“Fed May Launch New Round of Stimulus.”
The Federal Reserve seemed poised to launch another round of quantitative easing if only it had a weak economy to generate the proper excuse.
An Associate Press article about steel stocks suggested that the market’s rally was specifically about the prospect of potential stimulus:
“Bernanke didn’t give an explicit promise that the Fed would provide more economic stimulus, but the Dow Jones industrial average nearly doubled its morning gains in ten minutes.”
We have to find some reason, right? Too bad it does not also explain the erasure of all those gains into the close.
After a friend pointed out “quasi-hawkish” comments near the end of Ben Bernanke’s testimony regarding the Federal Reserve’s “Semiannual Monetary Policy Report to the Congress” I got confused. I did not see any headlines that focused on the prospect of monetary tightening suggested by this comment:
“…the economy could evolve in a way that would warrant a move toward less-accommodative policy.”
The media and the market seemed to stop reading or listening to Bernanke’s testimony after discovering the “news” that the Federal Reserve is ready to ease again if needed. Perhaps it is hard to believe the Federal Reserve when it talks about tightening given the monetary haze that develops when policy is loose “for an extended period.”
It is not surprising that Bernanke repeated the possibility of further easing in the face of further deterioration in the economy. He even reiterated that such action poses risks and would need careful consideration:
“…the possibility remains that the recent economic weakness may prove more persistent than expected and that deflationary risks might reemerge, implying a need for additional policy support. Even with the federal funds rate close to zero, we have a number of ways in which we could act to ease financial conditions further…However, prudent planning requires that we evaluate the efficacy of these and other potential alternatives for deploying additional stimulus if conditions warrant.”
I would have stopped here and ignored the whole over-hyped episode except that currency markets sent the dollar down all day long and gold and silver soared. (Even the hapless euro got stronger against the U.S. dollar!). Gold and silver made important moves telling me that something may indeed be different this time; gold hit new highs and silver broke out above its 50-day moving average and looks ready to launch out of a two-month consolidation phase:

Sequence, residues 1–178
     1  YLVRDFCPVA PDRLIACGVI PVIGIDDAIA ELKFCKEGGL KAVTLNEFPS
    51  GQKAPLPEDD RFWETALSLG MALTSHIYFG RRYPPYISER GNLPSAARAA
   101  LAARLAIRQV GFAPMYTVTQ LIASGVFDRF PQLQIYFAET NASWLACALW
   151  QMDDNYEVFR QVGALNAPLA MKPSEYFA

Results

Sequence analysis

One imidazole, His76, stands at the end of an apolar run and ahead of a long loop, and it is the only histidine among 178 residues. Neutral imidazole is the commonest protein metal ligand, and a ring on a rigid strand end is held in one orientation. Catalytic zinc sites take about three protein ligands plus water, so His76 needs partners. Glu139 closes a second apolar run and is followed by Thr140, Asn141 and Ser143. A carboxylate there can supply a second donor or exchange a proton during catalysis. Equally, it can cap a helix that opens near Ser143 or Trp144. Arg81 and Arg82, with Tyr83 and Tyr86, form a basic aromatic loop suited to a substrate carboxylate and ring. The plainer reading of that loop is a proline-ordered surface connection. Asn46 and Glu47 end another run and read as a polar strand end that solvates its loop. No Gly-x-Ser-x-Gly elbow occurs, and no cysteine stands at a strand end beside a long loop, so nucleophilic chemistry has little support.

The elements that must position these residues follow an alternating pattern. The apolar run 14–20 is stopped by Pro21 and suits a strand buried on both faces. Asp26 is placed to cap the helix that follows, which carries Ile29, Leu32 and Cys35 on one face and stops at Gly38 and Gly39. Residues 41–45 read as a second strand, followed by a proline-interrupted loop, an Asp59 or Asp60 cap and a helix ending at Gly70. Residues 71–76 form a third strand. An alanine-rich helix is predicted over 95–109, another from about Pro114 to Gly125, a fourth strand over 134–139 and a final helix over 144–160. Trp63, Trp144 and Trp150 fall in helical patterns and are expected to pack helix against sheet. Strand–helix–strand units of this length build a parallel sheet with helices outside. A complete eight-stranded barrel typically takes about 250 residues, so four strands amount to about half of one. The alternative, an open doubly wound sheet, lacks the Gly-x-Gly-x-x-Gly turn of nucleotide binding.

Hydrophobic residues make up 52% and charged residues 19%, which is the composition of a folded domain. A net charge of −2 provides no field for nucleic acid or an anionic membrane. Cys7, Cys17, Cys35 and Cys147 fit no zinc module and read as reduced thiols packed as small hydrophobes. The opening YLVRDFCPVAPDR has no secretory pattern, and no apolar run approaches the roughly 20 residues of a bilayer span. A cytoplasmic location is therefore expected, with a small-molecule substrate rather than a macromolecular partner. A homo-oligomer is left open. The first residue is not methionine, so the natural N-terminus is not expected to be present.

Meanwhile, the S&P 500 looks ready to continue selling off from its failed attempt to reclaim multi-year highs. On Monday, the S&P 500 swiftly fell from overbought conditions. Wednesday’s close puts the index back at a precarious perch atop its 50DMA.
*Chart created using TeleChart
The market clearly liked what it heard (or at least liked the weaker dollar) for a while and the experienced a sharp change in heart with the weak close. Sure Moody’s threatened the U.S. with a debt downgrade, but these announcements rarely generate a lasting reaction: these warnings rarely tell markets anything they do not already know.
So, I turned to the Fed’s estimates for GDP growth. The forecasts have been scaled back, especially for 2011, but, overall, the Fed still expects decent growth (forecasts for 2013 not shown – I have a hard time believing such projections with so much uncertainty in the economy).
Source: Monetary Policy Report to the Congress (July 13, 2011)
The Fed expects unemployment to remain over 7% for the next 2 1/2 years:
“The central tendencies of participants’ forecasts for the unemployment rate were 8.6 to 8.9 percent for the fourth quarter of this year, 7.8 to 8.2 percent at the end of 2012, and 7.0 to 7.5 percent at the end of 2013.”
Moreover, the overall employment situation remains extremely poor:
“To date, of the more than 8-1/2 million jobs lost in the recession, 1-3/4 million have been regained. Of those employed, about 6 percent–8.6 million workers–report that they would like to be working full time but can only obtain part-time work. Importantly, nearly half of those currently unemployed have been out of work for more than six months, by far the highest ratio in the post-World War II period.”
We should marvel that GDP growth can be sustained above 3% with such protracted unemployment. It is a reminder that companies have little need to pick up the pace of hiring.
This brings us all the way back to what the Federal Reserve could hope to accomplish with another round of quantitative easing. Bernanke reminds us that the Fed expected to create 700,000 jobs over two years by purchasing $600 billion in longer-term Treasury securities, or 30,000 jobs per month. Growth in private sector jobs has averaged 160,000 in 2011 compared to 80,000 per month in the months preceding the announcement of QE2. Even if the incremental contribution of the Fed is the 38% suggested by these numbers, on an absolute basis quantitative easing is simply not making a substantial dent in employment…and the costs for pushing on this string could be extremely high. However, Bernanke seems to think these numbers have demonstrated the effectiveness of QE2.
So, in my final assessment we face a situation where large parts of the economy will continue to earn healthy profits and create material GDP gains. Meanwhile poor employment numbers could motivate the Federal Reserve to print more and more money. The implications are for higher gold prices and more periodic episodes of significant market weakness as fears that the weaker parts of the (global) economy will drag down the healthier ones. One of these periods will likely be strong enough to swing the Federal Reserve into action. As I have mentioned in previous posts, the gains from QE2 provide the benchmark. I suspect the Federal Reserve will defend them with every power of the printing press it can bring to bear.
Be careful out there!
Full disclosure: long GLD, GG, PAAS, SLV